Over the past 20 years, programs that create corporate environmental, social, and governance (ESG) frameworks have been some of the hottest in the business world. No matter the industry, if a company has an environmental footprint, employs people, and adjusts to ever-changing government policies, then it has likely developed a model to help stakeholders understand how it plans to become greener, more socially conscious, and more transparent.
With the 2022 midterm elections finally over, employment law is poised to undergo some changes in 2023. Thanks to the narrowly divided Congress, these changes are much more likely to take place on the state and local levels than on the national level (but the U.S. Department of Labor and National Labor Relations Board are still likely to rattle some human resources cages this year). Here are four employment law changes that employers should be aware of during the coming year.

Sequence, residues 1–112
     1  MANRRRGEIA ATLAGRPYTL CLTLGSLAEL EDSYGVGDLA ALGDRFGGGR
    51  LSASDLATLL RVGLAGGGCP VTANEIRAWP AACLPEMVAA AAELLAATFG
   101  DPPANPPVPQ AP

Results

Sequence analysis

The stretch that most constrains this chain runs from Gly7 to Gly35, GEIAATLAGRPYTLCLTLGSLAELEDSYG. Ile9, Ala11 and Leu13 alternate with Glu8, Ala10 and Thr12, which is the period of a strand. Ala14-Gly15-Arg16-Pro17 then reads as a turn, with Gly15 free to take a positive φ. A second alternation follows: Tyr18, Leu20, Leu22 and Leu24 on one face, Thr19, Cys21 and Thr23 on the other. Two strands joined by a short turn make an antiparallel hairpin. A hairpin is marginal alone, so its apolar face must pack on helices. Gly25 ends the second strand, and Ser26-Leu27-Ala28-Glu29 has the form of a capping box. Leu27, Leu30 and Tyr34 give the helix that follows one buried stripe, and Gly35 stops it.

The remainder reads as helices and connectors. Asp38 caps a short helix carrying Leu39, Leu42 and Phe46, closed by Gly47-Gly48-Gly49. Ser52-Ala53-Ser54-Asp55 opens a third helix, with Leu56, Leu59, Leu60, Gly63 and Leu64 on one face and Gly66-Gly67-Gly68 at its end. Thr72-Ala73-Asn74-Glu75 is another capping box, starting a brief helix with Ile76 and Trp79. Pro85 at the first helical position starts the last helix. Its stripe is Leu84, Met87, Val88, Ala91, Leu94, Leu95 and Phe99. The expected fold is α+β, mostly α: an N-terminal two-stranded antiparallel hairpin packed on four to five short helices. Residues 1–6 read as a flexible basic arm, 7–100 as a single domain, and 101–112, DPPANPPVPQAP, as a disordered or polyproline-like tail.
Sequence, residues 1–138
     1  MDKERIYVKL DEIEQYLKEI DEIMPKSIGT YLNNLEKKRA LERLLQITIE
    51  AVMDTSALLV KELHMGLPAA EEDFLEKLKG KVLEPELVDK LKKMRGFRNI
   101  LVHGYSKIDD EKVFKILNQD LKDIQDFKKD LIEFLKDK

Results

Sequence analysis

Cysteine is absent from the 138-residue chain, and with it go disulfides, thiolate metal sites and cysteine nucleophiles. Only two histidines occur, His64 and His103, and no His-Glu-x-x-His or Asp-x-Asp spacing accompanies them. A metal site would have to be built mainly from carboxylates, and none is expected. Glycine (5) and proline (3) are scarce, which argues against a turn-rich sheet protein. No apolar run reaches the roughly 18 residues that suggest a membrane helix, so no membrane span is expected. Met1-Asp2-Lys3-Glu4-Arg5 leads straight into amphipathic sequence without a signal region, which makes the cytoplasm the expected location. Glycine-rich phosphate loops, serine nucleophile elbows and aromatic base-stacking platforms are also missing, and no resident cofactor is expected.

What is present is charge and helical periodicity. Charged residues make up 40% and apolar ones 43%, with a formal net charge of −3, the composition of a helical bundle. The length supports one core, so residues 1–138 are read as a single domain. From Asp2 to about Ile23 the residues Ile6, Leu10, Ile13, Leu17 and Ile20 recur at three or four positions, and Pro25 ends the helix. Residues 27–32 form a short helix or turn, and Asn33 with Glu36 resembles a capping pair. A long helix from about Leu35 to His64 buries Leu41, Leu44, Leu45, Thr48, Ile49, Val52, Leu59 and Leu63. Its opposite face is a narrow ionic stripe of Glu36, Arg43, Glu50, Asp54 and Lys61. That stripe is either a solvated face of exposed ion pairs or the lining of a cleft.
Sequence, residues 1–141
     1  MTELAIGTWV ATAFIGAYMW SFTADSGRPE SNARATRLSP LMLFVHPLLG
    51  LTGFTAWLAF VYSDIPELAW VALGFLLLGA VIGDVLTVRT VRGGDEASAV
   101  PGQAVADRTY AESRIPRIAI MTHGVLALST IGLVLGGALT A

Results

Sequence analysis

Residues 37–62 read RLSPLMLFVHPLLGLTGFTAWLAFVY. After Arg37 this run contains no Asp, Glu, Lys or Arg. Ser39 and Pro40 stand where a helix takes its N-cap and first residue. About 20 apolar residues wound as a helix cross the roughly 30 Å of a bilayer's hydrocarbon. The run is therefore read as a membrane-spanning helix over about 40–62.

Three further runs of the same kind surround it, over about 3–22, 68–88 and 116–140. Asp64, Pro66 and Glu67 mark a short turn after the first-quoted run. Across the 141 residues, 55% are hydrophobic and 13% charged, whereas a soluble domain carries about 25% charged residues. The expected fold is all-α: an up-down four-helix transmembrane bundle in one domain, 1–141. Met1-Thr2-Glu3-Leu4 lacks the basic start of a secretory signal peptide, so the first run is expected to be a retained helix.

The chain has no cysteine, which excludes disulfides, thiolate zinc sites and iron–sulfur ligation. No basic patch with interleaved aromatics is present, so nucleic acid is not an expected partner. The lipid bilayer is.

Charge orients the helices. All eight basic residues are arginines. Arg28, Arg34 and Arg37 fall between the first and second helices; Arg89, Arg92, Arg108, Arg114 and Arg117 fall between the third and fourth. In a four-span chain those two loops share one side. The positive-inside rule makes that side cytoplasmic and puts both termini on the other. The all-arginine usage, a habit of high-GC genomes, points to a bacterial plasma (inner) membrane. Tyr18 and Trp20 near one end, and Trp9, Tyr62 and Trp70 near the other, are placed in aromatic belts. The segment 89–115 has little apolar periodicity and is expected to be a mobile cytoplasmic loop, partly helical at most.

Failure to follow the right regulations could open an organization up to legal scrutiny and hefty fines!
On May 6, 2021, the U.S. Department of Labor (DOL) formally withdrew final regulations promulgated earlier this year under the prior administration which set forth, for the first time by way of an Administrative Procedure Act rulemaking, the analysis the DOL would use to determine whether a worker was an employee or independent contractor under the federal Fair Labor Standards Act (FLSA).